A new concept car developed by Renault in partnership with Lovegrove Studio could help re-energize the brand in the US market.
Working with contemporary industrial British designer, Ross Lovegrove, the Twin’Z was developed to explore a new design language for the automobile and expanding the way technology is integrated into a vehicle.
The latest concept to spring from Renault Design’s life-cycle “flower” design philosophy, the Twin’Z draws its inspiration from the heritage of Renault models such as the Renault 5 and Renault Twingo.
The all-electric rear-wheel drive Twin’Z, being unveiled at the Triennale of Milano, has a range of 160km (almost 100 miles). But it’s really all of the other tech features that make the vehicle most intriguing.
Just about every facet of the car’s design has some kind of technology integrated into it − ranging from the suicide-style doors that open electrically, to the headlights that have been designed to give the vehicle a more alert expression.
The Twin’Z’s glass roof is designed in layers and incorporates an array of LEDs which form animated patterns intended to enhance the overall experience of the driver and passengers.
Inside, the seats have been upholstered in a 3D woven, self-cushioning, lightweight blue textile which is both waterproof and flame resistant.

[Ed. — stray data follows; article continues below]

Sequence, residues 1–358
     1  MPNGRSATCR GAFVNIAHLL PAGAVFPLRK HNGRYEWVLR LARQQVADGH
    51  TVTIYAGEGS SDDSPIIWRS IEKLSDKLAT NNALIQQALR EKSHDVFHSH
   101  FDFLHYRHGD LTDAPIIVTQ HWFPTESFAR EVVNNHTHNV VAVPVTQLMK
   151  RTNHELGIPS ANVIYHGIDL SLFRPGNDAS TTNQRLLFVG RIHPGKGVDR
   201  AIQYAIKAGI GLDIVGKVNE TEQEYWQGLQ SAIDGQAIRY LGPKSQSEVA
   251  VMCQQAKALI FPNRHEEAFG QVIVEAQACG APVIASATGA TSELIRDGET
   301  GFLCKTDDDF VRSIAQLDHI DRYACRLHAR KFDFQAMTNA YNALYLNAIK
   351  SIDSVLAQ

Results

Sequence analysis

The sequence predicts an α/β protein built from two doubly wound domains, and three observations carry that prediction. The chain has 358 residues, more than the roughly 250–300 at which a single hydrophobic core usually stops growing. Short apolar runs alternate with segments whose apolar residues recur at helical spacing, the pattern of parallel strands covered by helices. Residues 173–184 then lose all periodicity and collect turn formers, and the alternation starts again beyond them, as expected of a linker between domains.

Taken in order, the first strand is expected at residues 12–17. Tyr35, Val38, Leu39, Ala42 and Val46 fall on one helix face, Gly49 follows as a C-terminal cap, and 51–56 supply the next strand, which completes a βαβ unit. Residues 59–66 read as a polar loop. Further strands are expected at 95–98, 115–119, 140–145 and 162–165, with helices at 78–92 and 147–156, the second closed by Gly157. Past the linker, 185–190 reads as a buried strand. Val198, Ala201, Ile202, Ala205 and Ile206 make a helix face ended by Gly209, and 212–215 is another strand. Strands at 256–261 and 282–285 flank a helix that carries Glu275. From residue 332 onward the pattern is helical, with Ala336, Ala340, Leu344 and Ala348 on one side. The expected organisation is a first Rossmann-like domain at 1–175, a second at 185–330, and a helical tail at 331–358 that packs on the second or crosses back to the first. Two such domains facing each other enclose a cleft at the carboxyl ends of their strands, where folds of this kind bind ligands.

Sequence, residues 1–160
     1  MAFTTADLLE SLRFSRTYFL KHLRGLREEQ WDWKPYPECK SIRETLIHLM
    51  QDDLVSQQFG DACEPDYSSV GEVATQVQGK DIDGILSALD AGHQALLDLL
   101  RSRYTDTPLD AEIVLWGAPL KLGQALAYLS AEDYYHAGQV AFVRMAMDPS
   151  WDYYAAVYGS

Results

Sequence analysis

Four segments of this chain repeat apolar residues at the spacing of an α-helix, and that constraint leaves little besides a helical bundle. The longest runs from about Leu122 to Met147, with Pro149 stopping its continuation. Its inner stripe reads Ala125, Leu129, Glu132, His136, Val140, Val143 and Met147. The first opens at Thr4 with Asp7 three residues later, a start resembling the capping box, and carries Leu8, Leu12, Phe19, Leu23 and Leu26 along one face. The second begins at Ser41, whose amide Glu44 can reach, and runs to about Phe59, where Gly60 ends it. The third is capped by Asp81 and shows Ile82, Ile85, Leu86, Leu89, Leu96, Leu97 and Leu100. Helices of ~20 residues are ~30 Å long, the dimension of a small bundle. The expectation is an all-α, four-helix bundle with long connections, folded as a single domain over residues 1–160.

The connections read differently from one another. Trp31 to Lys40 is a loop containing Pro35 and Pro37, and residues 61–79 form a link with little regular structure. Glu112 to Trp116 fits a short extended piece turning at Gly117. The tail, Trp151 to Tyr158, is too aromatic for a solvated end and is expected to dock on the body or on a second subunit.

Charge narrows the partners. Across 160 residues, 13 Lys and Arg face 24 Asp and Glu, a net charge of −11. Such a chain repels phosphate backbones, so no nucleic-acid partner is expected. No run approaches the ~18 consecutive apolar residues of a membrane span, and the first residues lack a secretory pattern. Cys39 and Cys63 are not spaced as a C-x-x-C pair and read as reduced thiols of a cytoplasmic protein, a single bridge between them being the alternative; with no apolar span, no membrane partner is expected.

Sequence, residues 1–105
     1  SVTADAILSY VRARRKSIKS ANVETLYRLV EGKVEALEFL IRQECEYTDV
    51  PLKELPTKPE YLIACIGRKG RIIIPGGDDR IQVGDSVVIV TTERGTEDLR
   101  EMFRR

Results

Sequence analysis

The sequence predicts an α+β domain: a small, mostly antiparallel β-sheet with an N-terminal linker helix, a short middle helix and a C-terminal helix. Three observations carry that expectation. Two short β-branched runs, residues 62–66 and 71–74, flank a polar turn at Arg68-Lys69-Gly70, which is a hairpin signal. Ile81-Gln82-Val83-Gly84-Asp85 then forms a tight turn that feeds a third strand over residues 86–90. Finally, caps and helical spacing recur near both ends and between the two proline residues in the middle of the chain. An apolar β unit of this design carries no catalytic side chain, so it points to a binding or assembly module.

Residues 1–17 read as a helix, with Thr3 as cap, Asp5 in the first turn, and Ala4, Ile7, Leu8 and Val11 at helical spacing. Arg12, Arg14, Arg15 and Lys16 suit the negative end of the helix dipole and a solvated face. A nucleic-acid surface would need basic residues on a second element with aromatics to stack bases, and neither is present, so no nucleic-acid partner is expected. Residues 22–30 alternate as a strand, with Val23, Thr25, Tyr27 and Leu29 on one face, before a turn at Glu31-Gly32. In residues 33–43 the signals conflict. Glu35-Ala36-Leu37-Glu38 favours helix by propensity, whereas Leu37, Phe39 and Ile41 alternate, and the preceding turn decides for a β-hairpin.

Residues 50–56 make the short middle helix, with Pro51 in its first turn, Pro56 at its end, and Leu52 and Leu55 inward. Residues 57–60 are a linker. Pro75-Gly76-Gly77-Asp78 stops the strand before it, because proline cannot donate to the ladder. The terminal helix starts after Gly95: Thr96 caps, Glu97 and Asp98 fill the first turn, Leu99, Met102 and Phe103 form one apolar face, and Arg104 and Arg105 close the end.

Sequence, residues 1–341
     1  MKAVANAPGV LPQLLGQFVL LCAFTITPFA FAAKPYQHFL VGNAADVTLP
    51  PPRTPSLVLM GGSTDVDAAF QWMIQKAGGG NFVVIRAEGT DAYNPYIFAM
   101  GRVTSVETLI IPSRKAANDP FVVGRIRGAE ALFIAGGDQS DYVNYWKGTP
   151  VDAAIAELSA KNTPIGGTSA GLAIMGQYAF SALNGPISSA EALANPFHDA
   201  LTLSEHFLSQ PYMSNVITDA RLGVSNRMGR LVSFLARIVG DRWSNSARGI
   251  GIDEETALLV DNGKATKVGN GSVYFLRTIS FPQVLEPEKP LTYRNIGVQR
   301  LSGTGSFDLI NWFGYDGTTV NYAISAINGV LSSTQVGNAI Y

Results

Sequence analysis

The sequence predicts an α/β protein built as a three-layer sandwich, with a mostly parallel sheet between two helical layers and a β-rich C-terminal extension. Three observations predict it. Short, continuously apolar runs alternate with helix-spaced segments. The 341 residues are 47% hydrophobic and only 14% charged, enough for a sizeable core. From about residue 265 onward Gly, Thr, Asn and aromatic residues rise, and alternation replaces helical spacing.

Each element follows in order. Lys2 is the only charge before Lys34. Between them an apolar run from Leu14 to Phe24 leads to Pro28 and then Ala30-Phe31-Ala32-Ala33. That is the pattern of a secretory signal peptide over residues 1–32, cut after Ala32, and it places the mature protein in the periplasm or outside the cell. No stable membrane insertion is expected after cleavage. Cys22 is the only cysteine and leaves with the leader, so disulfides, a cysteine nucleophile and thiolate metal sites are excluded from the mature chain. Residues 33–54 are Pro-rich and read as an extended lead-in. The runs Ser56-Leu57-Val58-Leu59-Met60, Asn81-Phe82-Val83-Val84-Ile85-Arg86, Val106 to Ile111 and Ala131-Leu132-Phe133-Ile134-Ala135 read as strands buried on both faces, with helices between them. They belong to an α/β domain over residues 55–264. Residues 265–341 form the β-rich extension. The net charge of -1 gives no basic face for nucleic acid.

The conventional dashboard has been replaced by a single tablet with a touch-screen display that controls everything from the vehicle’s heater systems to the roof. A smartphone display’s the vehicle’s speed, range-related information and the principal warning lights.
The vehicle’s conventional door mirrors have been replaced by an integrated video camera that has been aerodynamically “liquefied” within the body. The Twin’Z’s crystal rear spoiler has been designed to not only generate extra downforce but also to give the car a more dynamic visual sense.
Even some of the cool technology features like regenerative braking that helps to power the typical EV have been enhanced from an aesthetic and functionality standpoint on the Twin’Z. For example, when the driver presses on the brake pedal, the burst of the brake lights climbs gradually towards the roof, for enhanced visibility and safety.
Renault’s official press release about the Twin’Z doesn’t mention any production plans for the vehicle, but there has been speculation that the concept could hint at a future model for the US.